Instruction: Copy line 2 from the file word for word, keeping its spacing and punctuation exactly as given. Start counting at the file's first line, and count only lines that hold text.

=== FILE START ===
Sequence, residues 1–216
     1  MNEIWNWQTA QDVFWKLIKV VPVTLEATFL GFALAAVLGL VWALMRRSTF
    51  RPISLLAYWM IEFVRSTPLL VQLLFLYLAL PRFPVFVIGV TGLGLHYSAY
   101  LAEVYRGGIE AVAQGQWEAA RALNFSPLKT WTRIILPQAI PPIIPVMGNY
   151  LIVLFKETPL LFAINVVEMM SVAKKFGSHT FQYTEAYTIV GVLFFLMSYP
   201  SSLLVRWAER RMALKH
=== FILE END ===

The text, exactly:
     1  MNEIWNWQTA QDVFWKLIKV VPVTLEATFL GFALAAVLGL VWALMRRSTF